A Yorkshire project proves the cost benefits of telehealth, says a report on the scheme by think-tank 2020health.
The report evaluates the Yorkshire and the Humber Telehealth Hub, which was set up in 2011 as a partnership between Airedale NHS Foundation Trust, the University of Hull and South West Yorkshire Partnership NHS Foundation Trust.
The aim was to reduce hospital admissions and prove cost benefits. Despite struggles with clinical engagement and very low uptake in some areas, more than 2,000 patients were enrolled.
In Hull, an pre-existing telemonitoring service for heart failure patients was extended with the aim to reach other telemonitoring projects around the east of the region, and offer the triage service to other disease groups.
During the year, Hull managed 283 deployments. The service was also extended to NHS East Riding of Yorkshire and in total 620 patients enrolled.
The report says that both these services had been evaluated and found to yield financial return on investment.
“Based on a savings assumption of £2,000 per averted admission, and (taking account of total service costs) this represents a return on investment of 48%. User cases and evidence base still emerging, but show benefits from avoided admissions and care closer to home."
The author of the report, John Cruickshank, told eHealth Insider he had been very impressed with what he saw. “There’s some pretty clear evidence of cost benefits," he said.
Cruickshank added that the project had shown more cost benefits than had been shown by the Whole System Demonstrator project.
This was a major, three site telehealth project set up by the Department of Health to make the case for the technology, which has so far issued only a limited number of contested reports.
“We’re on course to show improvement, and that can be built upon,” he said.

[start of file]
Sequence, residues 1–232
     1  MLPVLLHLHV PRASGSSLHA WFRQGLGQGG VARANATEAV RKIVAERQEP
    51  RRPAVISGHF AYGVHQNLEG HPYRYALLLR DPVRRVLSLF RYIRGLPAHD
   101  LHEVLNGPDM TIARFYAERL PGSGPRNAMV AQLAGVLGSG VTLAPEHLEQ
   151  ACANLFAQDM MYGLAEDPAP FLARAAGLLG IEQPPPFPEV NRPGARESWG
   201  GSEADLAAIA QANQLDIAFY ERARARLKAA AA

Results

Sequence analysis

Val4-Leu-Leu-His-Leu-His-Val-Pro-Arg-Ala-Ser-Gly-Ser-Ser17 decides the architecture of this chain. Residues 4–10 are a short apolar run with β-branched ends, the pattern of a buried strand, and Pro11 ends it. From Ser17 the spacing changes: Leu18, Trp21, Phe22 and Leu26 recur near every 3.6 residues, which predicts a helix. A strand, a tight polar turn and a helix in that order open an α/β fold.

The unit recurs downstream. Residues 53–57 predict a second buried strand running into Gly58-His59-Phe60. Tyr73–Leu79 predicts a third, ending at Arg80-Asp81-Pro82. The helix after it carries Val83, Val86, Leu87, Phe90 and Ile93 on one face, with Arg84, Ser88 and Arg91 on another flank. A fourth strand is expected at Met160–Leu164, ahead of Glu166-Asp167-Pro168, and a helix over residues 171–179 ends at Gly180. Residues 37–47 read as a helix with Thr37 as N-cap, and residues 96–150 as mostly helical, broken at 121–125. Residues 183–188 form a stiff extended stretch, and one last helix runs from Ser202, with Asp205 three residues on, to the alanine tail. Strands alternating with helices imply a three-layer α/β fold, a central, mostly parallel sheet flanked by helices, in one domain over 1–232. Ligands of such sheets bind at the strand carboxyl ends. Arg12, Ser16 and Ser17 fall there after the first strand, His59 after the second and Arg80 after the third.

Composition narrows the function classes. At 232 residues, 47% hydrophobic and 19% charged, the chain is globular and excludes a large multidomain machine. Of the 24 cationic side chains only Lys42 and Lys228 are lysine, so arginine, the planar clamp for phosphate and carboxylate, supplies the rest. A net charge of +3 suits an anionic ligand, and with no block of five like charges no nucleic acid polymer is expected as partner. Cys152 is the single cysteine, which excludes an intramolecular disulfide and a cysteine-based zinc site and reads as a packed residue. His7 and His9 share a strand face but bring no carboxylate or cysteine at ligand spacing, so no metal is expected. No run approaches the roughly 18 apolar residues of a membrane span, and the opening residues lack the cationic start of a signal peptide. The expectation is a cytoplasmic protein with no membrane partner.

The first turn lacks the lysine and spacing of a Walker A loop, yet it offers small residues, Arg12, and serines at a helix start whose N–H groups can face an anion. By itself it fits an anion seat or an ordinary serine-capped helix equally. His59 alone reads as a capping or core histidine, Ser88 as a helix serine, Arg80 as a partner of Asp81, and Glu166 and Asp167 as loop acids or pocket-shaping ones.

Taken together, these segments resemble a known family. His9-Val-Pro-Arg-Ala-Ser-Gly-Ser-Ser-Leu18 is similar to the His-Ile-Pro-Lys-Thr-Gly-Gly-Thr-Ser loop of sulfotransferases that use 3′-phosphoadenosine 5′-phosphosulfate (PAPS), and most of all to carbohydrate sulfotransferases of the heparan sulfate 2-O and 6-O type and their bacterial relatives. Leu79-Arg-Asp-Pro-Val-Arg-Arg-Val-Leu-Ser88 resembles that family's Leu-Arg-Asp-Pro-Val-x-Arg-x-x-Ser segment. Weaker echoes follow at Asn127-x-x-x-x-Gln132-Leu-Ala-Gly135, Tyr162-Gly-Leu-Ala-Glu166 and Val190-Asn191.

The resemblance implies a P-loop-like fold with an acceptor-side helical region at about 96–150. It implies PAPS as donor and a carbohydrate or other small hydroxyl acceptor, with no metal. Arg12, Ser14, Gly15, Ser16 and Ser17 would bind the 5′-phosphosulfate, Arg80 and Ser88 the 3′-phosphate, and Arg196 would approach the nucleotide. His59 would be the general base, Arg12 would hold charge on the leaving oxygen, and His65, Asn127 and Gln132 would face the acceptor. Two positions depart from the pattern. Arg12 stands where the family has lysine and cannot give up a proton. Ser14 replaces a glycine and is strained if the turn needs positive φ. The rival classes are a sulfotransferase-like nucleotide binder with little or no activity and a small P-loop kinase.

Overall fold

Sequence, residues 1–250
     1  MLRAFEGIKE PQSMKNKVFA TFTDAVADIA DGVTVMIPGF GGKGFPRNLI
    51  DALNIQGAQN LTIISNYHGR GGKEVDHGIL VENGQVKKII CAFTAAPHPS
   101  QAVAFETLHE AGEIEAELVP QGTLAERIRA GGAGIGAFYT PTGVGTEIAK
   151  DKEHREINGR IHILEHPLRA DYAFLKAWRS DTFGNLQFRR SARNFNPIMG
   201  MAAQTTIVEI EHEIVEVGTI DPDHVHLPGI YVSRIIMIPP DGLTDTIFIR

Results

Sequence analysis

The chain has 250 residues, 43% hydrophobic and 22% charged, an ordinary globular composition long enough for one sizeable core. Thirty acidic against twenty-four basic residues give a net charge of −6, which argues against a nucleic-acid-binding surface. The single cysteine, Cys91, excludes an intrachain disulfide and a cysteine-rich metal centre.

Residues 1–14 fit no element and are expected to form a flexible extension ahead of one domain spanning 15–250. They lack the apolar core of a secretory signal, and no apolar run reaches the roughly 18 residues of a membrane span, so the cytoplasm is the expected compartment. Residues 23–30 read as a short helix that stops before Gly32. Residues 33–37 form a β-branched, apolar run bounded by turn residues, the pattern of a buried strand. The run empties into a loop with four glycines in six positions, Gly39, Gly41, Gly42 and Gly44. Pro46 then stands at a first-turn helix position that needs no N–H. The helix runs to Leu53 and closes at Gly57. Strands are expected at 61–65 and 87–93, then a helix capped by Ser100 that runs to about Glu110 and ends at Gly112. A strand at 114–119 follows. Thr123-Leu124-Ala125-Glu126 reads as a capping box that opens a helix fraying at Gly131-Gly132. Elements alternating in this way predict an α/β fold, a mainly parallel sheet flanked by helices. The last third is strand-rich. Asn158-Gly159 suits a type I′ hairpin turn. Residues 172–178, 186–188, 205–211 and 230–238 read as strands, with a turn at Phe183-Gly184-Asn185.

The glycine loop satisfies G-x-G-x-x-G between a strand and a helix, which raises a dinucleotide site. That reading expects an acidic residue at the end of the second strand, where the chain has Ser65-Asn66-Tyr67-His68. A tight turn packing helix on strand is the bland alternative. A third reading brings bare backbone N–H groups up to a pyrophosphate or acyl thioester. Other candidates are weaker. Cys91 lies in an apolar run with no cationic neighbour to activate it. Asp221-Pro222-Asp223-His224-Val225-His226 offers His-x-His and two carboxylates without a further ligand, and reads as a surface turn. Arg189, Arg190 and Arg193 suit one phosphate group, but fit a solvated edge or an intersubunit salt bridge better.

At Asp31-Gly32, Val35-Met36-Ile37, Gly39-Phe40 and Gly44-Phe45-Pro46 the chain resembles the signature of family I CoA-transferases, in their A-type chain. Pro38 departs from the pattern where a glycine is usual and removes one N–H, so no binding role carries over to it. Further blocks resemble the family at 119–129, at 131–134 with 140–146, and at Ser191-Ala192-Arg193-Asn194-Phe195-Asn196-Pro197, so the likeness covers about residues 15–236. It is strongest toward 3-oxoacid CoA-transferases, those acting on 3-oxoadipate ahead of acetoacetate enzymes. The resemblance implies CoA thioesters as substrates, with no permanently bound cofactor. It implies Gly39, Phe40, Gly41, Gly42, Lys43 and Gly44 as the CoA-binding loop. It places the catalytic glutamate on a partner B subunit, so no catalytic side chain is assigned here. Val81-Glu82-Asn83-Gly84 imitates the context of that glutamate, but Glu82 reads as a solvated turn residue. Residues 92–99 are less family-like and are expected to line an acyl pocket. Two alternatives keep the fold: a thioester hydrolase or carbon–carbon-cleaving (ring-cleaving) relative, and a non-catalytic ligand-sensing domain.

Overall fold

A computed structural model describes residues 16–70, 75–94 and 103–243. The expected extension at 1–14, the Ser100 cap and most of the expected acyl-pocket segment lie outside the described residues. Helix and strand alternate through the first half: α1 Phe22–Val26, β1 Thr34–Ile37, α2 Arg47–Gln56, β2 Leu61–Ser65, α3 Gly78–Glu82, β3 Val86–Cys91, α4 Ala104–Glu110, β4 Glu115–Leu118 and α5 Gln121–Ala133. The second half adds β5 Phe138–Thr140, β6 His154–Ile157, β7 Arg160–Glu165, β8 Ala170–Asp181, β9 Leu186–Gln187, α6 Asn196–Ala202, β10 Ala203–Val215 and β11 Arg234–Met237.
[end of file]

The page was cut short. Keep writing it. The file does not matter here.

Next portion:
While the hub managed to enrol more than 2,100 patients throughout the year of the scheme, the report says the hub was “overly ambitious, evidenced by a relatively low uptake of the services beyond the partners.”
In Sheffield, a telecoaching service, which provided telephone based coaching to patients with long term conditions, was set to be rolled out to 250 patients. Only five were recruited and the service ran for three months.
The same service was offered to NHS East Riding of Yorkshire GP practices, but only three accepted, resulting in 50 patients enrolled in the scheme.
Cruickshank said one of the problems was that getting patients on board was time consuming.
He added that although the project overall had been a success, there was still a problem with telehealth pilots only producing small numbers.
“The point of ‘pilotitis’ is a fair one. The NHS has been stuck looking at small numbers and pilots,” he said.
“There’s a glass ceiling to be broken through, the pilots become stuck at a few hundred patients.”
The report aims to highlight lessons learnt and make recommendations for the future in context of the 3millionlives campaign, which the government has set up to ‘kickstart’ the industry.
Cruickshank said the government needed to ‘join up thinking’ and that different projects such as 3millionlives and electronic records were all aiming for the same thing.
He believed that introducing tariffs and incentives would encourage organisations to engage in telehealth projects.
“Unless there’s a mandate it will only happen in bit and pieces, but it’s too early for that.
"However, organisations should at least have to show that they have looked at and considered telehealth. If you get the right incentives in place, it will start to come about.”
The telehealth hub was set up by NHS Yorkshire and Humber with £900,000 funding from the Regional Innovation Fund.